Happy new year!
Once again I am in the situation where I have neglected this blog; feel bad about it; decide to write something to warrant its existence 🙂 …here’s a long overdue post to hold me over for a while:
I run my own VPN that permits split-tunneling, this allows me to access infrastructure behind a VPN but not route ALL of my traffic over it (i.e. Any network that is not in my routing table will be fired off to my default gateway).
When dialing my VPN whilst away from home I would often run into an issue where certain networks I needed to access via the tunnel were unavailable without me setting static routes manually. My operating system (Windows) & the type of VPN I was using were unable to set these routes autonomously based on information provided by the concentrator. Windows does not support this out of the box for simple SSTP/L2TP/PPTP VPNconnections (I think), generally a third-party client would be required [Cisco Anyconnect or OpenVPN for example].
To overcome the above problem I built a simple little tool that can set routes based on a config file during dial-up of a VPN – The workflow is as follows:
- User dials VPN endpoint
- Once VPN Establishes the VPNRouteHelper tool is invoked which:
- Checks if there is a config file on a web-server that is accessible on the one route published
- If the config on the server is newer we replace the existing config with the new one
- We then check for the presence of active PPP dial-up adapters on the computer and grab the tunnels IP address
- Check if that tunnel IP address fits between a set of pre-determined ranges
- If the tunnel fits inside a range we loop through a list of IP ranges we wish to set routes for and then assign a default gateway based on the tunnels IP address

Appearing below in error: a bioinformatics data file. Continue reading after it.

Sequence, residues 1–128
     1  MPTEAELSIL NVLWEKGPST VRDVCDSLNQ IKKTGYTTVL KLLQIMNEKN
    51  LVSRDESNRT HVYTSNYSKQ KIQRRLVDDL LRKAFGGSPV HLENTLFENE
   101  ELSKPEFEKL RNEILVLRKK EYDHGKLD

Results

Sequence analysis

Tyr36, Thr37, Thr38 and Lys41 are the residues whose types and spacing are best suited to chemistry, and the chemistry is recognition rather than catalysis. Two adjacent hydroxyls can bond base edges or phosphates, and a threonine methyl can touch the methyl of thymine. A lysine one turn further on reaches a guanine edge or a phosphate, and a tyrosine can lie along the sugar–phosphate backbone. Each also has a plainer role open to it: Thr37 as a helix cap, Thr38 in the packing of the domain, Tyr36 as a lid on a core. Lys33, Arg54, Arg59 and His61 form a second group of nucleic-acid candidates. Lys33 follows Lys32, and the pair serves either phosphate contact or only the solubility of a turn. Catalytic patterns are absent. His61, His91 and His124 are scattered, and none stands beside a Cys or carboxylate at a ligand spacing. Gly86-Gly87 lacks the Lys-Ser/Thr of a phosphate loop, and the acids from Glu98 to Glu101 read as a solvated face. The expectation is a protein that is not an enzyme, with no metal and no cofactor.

- Displays a message of the day (if enabled in config)
Depending if the VPN concentrator allows us to access the networks using the newly set routes we should now be done:
An example of the config file that is consumed by the tools is below – in this example we we will set two routes one for 184.108.40.206/24 and 10.9.0.0/22 if the user has a PPP adapter that falls inside the ranges 192.168.10.2 – 192.168.10.254 or 192.168.2.2 – 192.168.2.254
<?xml version="1.0" encoding="utf-8"?> <!--Itterate Version number if You make any changes.--> <VPN Version="2"> <Routes> <Route netmask="220.127.116.11" subnet="255.255.255.0" description="Example Destination Subnet 1" /> <Route netmask="10.9.0.0" subnet="255.255.252.0" description="Example Destination Subnet 2" /> </Routes> <DefaultGateways> <DefaultGateway VPNSubnetLower="192.168.10.2" VPNSubnetUpper="192.168.10.254" DefaultGateway="192.168.10.1" SubnetDescription="RESDEV VPN 1 DialIn Range" /> <DefaultGateway VPNSubnetLower="192.168.2.2" VPNSubnetUpper="192.168.2.254" DefaultGateway="192.168.2.1" SubnetDescription="RESDEV VPN 2 DialIn Range" /> </DefaultGateways> <Messages> <MoTD Display="true" TitleMessage="Message From Admin" BodyMessage="This is a private VPN - You agree to all terms and conditions while using it" /> </Messages> </VPN>
This software does not require any external libs and is a self-contained .EXE that can be invoked automatically on connection (i.e. if you were to build a custom VPN client using the Microsoft Connection Manager Administration Kit [CMAK] like I did) or invoking it manually after you connect)
I might look at making this a bit more “enterprisey” at some stage, its not exactly a perfect solution but does the job at a pinch.
Grab the source code from my GitHub: https://github.com/coaxke/VPN-Route-Helper
Pretty easy solution – let me know if you have any questions 🙂